RALPHO TOWNSHIP, NORTHUMBERLAND COUNTY (WBRE/WYOU) — Mammograms are low-dose x-rays to help detect breast cancer in its earliest stages. Women who get mammograms have a 33 percent lower risk of dying from breast cancer compared to those who don’t.

48-year-old Michele Britton is used to being the one asking and answering patient questions at the front desk of her job at Geisinger, but last year, she became one of those patients.

“This really floored me… for sure,” said Michele Britton, a Breast Cancer Survivor from Ralpho Township

The Ralpho Township woman came to Geisinger’s Woodbine Clinic in March 2021 for something she had been putting off.

“I wasn’t on time for my mammogram but I wasn’t, maybe two years late,” Britton explained.

But unlike her previous mammograms, a technician detected something.

“She was very, um, careful of how she said ‘Hey, you know. There’s a, you know, an odd spot I want to just have someone look at’ and I’m looking up at the screen and I’m seeing it,” Britton continued.

That spot in her left breast was a tumor. Three days later, Britton received the biopsy results.

“I’ll never forget the phone call. She was so, you know, calm and explained what my diagnosis was and I hung up and fell to the floor and just sobbed,” Britton said.

For someone who never had a serious illness, her breast cancer diagnosis was difficult to accept.

“I had two weeks of such a severe depression. Um, crying uncontrollably,” Britton stated.

One in eight women over the course of their lifetime will get breast cancer.

Britton says she never thought she’d be one of them, but this self-described woman of faith came to accept it.

“After that, everything just shifted. And literally, God got me through this. I can’t say that enough.”

“Michele is very fortunate,” said Gina Markle, Radiology Team Leader for Geisinger.

Britton learned that her breast cancer had not spread to her lymph nodes.

She needed a lumpectomy and radiation, but no full mastectomy and no chemotherapy, a pathway back to the life she loves.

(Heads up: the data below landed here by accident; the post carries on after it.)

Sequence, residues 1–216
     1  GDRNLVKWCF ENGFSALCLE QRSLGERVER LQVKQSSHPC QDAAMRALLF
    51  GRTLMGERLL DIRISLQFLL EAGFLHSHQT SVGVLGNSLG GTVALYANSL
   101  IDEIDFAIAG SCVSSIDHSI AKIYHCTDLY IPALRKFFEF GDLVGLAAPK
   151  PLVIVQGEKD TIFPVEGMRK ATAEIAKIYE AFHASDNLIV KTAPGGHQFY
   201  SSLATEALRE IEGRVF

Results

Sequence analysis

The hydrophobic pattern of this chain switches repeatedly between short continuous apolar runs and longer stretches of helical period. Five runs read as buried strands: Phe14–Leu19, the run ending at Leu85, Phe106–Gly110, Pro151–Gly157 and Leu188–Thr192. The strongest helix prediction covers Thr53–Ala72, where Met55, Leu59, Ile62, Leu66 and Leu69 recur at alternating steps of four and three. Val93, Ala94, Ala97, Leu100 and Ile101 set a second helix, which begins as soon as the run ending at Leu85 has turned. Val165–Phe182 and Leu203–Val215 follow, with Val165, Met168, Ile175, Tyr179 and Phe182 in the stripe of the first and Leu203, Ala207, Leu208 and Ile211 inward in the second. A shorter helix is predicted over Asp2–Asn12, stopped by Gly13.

“It is a very treatable, curable condition if it’s caught early and that’s the purpose of screening is to catch disease when it is less aggressive and less expensive to treat,” Markle explained.

As if Britton needed even more motivation to recover from breast cancer, she found it in the eyes of her young granddaughter. Lhyla is just two-years-old.

“She is just the center of my life. You know, I thank God for her every day,” Britton noted.

She plans to be there for Lhyla and watch her grow up with a newfound appreciation for life, and greater compassion for patients this Geisinger employee encounters.

“I’ve always had, you know, that sympathetic ear, definitely, but I think this definitely changed, changed me for the good,” said Britton.

She’s using her example of what that mammogram found that she had been putting off.

“If there’s anything in your life that means anything don’t put yourself last and it’s okay to be that person to take care of everybody but you have to take care of yourself,” Britton explained.

The CDC recommends women 40 to 44-years-old with average risk for breast cancer have the option to get an annual mammogram.

Those 45 to 54 should get one every year and those 55 and older should get one at least every other year.

This story is part of a joint reporting project with the Times Leader Media Group.

Pick up Wednesday’s edition for another breast cancer survivor story, or read online at timesleader.com.